“Increasingly Expressionistic Work Necessitates Fortified Form that Disciplines”

Kazumi Nakamura

March 8, 2016 – April 2, 2016
Gallery Hours :11:00 – 19:00
Gallery Closed:
Sunday, Monday, Public Holiday
Reception:March 8, 2016 18:00 – 20:00

※This exhibition is now concluded.
Thank you to all the many people who stopped by.

Scroll Painting 45, 2015
Oil and chalk on cotton canvas
1620 x 1305 mm

Visual Dissonance – Expressionism – Formality

(1)
I would like to briefly share some thoughts on my second solo exhibition at Kaikai Kiki Gallery.
My first solo exhibition at the gallery in September 2014 was centered around works with a diagonal grid motif. This time, in addition to the diagonal grid Scroll Painting series, I would like to present works from other, expressionistic series that I have been working on up to now, such as Mourning for the Dead, A Bird in its Existence, Y Shape, Hijiri, and others.

Take a glance at this exhibition and one will notice the distinctive contrast between the diagonal grid works and the other series. The inevitable dissonance that arises as a result, a sort of visual creak, is fully intentional on my part.

For me, visual dissonance simultaneously signifies the meaning and the meaninglessness of the world. Although enough has been said about this already, the world is disorder itself, disorder that is given a barely discernible form. We have grown numb to this disorder and have fallen into the illusion that such a form is the eternal, unshakable truth. For us who live under such an illusion, disorder is the optimal environment to thrive in; indeed, it is the perfect instance of order.

Might this be just another one of my typical, ironic phrases, full of elusiveness?
According to the Zen priest Dōgen, the world is but a painting, and a painting is the world itself (Wahin (Painted Cakes) in Shōbōgenzō (Treasury of the True Dharma Eye)). I understand this statement to speak a type of truth, full of insights.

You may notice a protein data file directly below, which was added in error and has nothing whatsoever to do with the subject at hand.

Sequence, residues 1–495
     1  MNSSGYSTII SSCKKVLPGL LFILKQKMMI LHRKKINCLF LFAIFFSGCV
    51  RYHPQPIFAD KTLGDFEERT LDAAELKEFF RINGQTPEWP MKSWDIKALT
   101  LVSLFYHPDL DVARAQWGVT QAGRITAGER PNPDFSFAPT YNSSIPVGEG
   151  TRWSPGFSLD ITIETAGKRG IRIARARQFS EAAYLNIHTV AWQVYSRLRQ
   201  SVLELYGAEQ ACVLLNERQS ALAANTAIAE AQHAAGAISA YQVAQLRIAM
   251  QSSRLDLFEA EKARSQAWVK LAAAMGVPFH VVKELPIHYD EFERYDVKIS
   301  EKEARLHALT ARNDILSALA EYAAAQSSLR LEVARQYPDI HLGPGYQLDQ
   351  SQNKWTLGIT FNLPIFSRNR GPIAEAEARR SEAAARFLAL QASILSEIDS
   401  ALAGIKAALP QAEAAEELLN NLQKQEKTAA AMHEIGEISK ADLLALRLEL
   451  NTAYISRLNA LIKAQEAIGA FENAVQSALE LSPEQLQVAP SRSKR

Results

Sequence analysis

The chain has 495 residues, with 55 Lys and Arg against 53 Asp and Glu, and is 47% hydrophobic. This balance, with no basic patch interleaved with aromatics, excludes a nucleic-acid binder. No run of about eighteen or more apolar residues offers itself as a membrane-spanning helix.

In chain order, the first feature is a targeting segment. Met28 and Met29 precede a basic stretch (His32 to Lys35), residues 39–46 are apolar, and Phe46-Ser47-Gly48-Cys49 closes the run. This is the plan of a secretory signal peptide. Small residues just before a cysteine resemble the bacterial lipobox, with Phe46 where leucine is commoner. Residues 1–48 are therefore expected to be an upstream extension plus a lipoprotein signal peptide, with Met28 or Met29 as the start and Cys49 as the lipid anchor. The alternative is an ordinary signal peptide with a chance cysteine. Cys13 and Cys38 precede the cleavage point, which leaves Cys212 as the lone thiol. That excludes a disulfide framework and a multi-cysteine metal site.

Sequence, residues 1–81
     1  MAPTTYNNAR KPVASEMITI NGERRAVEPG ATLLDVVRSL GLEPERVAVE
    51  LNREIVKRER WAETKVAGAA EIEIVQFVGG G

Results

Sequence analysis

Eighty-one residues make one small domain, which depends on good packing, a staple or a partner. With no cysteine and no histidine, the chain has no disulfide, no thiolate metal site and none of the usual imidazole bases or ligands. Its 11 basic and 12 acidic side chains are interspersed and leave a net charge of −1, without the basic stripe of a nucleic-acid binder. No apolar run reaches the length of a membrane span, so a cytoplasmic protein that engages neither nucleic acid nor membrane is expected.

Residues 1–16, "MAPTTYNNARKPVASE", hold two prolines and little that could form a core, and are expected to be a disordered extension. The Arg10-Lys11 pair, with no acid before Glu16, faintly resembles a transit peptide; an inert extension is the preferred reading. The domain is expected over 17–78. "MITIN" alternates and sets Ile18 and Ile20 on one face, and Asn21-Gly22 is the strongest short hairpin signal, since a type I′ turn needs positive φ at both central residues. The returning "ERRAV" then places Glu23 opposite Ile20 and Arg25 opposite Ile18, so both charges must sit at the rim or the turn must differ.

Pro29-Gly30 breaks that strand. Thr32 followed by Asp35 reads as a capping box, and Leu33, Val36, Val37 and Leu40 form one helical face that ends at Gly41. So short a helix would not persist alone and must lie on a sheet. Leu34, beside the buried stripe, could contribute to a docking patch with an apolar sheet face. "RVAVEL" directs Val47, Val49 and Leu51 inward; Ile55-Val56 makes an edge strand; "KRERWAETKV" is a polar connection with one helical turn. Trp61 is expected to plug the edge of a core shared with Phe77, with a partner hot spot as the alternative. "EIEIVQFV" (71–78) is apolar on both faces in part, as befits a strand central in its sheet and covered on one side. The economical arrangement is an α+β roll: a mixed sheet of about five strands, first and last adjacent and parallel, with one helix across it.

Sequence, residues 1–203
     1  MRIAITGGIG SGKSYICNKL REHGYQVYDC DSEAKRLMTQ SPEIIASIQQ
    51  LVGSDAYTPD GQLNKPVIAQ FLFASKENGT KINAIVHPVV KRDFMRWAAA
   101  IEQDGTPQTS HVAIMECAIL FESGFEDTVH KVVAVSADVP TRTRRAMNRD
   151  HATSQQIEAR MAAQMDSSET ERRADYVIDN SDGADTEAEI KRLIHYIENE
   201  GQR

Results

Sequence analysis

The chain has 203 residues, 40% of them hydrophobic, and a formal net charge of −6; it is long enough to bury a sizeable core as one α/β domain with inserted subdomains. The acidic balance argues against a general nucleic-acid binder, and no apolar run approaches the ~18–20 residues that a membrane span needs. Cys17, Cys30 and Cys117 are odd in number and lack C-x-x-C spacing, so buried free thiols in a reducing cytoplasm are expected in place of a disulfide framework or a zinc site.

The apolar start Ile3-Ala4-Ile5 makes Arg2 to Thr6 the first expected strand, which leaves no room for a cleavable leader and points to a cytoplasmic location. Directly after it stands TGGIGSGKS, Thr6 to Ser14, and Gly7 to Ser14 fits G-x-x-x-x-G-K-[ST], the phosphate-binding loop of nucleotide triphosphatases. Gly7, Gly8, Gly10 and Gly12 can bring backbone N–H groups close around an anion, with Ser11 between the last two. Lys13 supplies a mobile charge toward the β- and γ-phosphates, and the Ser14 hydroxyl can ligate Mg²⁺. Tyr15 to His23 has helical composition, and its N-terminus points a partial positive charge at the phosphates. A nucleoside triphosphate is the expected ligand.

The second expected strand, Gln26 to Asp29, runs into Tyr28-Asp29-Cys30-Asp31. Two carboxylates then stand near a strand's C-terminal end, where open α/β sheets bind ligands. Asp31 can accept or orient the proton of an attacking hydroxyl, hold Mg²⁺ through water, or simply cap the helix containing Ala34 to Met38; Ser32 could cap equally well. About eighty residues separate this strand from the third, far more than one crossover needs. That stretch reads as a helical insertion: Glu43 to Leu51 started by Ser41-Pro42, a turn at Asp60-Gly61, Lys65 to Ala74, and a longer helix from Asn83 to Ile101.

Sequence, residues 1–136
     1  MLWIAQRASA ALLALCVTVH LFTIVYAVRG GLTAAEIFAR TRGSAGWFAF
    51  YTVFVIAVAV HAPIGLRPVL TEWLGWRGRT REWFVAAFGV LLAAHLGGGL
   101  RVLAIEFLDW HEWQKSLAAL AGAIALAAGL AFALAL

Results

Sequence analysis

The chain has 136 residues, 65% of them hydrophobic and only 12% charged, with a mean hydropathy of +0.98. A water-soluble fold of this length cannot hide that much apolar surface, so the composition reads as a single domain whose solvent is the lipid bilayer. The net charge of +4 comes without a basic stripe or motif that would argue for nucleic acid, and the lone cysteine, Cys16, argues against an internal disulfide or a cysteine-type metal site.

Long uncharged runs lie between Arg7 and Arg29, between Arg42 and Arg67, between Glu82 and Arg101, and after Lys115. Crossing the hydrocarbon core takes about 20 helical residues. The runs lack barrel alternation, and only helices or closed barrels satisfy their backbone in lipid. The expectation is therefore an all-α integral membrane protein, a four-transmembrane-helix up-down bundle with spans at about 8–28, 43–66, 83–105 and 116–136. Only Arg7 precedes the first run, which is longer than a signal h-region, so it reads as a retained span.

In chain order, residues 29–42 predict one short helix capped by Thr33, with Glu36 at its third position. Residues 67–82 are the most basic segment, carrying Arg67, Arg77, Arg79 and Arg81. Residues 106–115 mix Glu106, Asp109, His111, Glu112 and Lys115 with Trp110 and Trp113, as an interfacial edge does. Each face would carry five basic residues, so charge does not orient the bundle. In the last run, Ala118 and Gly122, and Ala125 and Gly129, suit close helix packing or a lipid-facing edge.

Seen from this perspective, the dissonance of this exhibition matches that of the world itself, as well as its inconsistency and meaninglessness. Perhaps people may not agree. Yet it also a fact that I am here, with my sentiments, creating my paintings with a brush in hand, in this world full of dissonance.

(2)
When you emphasize the expressionistic approach to painting, your work will likely end up bearing aspects of incoherence and destructiveness; it will be anarchy itself, chaos incarnate…

As my paintings advocate dissonance, chaos, and nonsense, such might in fact seem to be their appropriate appearance. Nevertheless, I apply control over my work in terms of its form. I endow, or try to endow, my paintings with what can be described as acts of expressionistic violence, with means that allow them to be formally interpreted. In fact, as the work becomes increasingly expressionistic, it becomes increasingly necessary yet challenging to continue fortifying the form.

The world is full of violence. It is filled with unforeseeable situations. And, according to Dōgen’s words, a painting is the world; the world is a painting.

Form restricts, robs freedom, and limits unlimited possibilities. Yet, a kind of freedom also exists that can only come into being through the function of these restrictions. My paintings search for the form that leads them towards such freedom; without abandoning the intrinsic potential of expressionist painting, they aim to explore an entirely new, different direction.

Kazumi Nakamura